In the second half, the U.S. continued their inspired and creative play, and the floodgates really opened. Switzerland, who had put up a tough fight defensively in the first half, looked exhausted, and the U.S., benefiting from some timely substitutions of fresh faces, couldn’t have been hungrier.
Christen Press, who subbed on for O’Hara at the start of second half, didn’t take long to make an impact. In the 51st minute, a beautiful individual effort from Carli Lloyd nearly gave Press a goal of her own, but nevertheless got the Chicago Red Stars forward involved in a big way. Lloyd dribbled up the middle and sprayed an outside of the foot pas through to Press, who took one too many touches and got tackled. But the ball came to Lloyd, who buried the follow-up past second-half substitute goalkeeper Stenia Michel to put the U.S. ahead with her second goal of the day.
Two minutes later, Press got her goal. The Stanford alum ran onto a beautiful long pass from fellow Cardinal Sullivan. Off the bounce, Press chipped a side-footed volley over the head of Michel to make it 3-1 with her second goal in two matches.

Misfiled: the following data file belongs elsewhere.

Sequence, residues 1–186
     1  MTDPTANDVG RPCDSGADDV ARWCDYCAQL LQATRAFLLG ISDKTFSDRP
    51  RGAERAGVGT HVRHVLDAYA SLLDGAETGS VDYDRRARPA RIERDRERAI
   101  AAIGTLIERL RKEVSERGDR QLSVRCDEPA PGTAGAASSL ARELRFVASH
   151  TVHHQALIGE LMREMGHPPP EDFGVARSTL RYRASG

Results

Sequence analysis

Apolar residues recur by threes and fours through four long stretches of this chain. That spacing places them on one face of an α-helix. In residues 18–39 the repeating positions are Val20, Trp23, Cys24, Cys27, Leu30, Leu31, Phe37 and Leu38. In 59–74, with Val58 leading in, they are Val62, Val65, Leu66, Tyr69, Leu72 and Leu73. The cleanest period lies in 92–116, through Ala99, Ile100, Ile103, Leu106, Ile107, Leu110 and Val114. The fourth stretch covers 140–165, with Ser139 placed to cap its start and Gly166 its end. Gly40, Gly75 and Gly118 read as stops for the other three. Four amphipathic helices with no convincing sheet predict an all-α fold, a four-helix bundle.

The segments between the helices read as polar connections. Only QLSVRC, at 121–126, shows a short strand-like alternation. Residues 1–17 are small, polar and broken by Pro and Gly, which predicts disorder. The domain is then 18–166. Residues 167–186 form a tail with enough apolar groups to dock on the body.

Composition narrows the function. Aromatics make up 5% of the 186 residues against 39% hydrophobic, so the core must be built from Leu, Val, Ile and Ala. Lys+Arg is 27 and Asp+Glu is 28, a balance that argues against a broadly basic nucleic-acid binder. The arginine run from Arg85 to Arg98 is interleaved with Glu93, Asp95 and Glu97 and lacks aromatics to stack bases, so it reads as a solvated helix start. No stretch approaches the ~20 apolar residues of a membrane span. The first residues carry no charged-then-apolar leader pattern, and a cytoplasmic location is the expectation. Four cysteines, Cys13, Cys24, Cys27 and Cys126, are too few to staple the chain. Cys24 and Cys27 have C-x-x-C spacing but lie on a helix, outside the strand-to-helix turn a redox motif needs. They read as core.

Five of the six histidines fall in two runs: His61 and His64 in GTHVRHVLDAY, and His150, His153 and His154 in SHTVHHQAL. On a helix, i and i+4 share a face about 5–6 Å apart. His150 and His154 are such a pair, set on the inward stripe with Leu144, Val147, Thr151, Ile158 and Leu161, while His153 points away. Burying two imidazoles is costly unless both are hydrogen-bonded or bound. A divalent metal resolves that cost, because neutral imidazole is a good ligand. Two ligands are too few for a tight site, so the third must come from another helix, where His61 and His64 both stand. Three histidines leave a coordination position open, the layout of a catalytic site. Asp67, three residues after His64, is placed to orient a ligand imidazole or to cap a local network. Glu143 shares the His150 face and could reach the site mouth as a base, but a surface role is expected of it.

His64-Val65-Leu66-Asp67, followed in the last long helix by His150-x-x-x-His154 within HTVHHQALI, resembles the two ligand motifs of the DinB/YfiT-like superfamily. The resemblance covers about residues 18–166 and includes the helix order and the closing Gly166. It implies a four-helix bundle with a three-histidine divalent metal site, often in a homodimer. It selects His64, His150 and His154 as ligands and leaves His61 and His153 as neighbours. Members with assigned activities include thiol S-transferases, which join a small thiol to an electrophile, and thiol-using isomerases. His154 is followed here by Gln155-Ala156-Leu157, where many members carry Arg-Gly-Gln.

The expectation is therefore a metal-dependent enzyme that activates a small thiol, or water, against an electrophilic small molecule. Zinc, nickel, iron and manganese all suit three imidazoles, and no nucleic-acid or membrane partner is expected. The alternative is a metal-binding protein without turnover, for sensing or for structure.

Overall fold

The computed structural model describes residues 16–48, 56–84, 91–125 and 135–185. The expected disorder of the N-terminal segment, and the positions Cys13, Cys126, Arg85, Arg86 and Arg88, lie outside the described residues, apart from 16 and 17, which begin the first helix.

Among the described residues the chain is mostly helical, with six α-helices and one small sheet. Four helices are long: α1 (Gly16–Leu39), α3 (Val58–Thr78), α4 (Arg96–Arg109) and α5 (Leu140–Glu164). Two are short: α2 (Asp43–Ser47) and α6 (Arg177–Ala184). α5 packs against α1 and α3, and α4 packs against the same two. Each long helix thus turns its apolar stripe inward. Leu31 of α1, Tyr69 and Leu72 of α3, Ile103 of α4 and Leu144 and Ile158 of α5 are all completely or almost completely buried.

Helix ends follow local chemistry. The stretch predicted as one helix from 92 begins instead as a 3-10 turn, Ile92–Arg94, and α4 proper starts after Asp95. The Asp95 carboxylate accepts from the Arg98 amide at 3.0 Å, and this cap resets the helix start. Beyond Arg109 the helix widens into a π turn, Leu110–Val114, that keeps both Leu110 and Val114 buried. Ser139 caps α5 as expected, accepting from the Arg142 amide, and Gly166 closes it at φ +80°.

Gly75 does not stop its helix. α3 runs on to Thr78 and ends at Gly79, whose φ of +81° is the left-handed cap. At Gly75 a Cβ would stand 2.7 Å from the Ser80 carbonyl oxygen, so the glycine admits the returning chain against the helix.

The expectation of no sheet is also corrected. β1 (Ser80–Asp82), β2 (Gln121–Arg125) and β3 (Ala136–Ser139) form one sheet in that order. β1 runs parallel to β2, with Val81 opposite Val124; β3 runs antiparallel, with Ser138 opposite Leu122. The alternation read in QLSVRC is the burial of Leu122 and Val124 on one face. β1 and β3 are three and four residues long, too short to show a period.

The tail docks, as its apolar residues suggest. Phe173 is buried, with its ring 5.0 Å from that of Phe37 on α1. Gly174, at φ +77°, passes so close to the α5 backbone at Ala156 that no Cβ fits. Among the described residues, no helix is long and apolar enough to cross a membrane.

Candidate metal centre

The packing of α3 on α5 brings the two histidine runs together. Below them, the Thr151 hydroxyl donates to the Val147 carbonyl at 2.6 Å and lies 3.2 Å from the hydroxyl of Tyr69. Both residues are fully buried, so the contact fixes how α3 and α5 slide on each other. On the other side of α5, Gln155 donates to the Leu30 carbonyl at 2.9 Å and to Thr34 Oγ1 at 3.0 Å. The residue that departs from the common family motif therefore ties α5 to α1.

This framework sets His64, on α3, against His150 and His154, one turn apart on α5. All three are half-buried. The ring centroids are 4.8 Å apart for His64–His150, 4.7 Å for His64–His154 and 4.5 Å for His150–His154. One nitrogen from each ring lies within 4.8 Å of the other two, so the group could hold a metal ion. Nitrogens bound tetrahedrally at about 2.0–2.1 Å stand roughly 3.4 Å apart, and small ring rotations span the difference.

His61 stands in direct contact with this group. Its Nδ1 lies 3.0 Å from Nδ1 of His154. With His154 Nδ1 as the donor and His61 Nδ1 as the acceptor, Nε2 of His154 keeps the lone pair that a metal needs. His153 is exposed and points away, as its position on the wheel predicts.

The U.S. continued to take the game to Switzerland, and were rewarded again in the 62nd minute. Lloyd found Williams, whose low bent cross found Dunn at the far post to extend the hosts’ lead.
In the final 25 minutes of the game, Ellis made several more youth-focused substitutions. Western New York Flash defender Abby Dahlkemper came on for Sauerbrunn in the 67’, and eight minutes later, Lindsey Horan, who had started on Wednesday, subbed in for Lloyd.
Then, in the 81st minute, Kealia Ohai replaced former UNC teammate Dunn to earn her first cap. Seconds later, she was on the score sheet. In what can only be described as a dream debut, Ohai received a cut-back pass from Press just after subbing on. The Houston Dash forward took a few touches before slotting a low shot into the bottom right corner of the net – a fitting end to an afternoon that was all about taking chances.
It was a clinical performance by the U.S., and one that will no doubt have fans optimistic about the wealth of options available as the team plunges into a new cycle.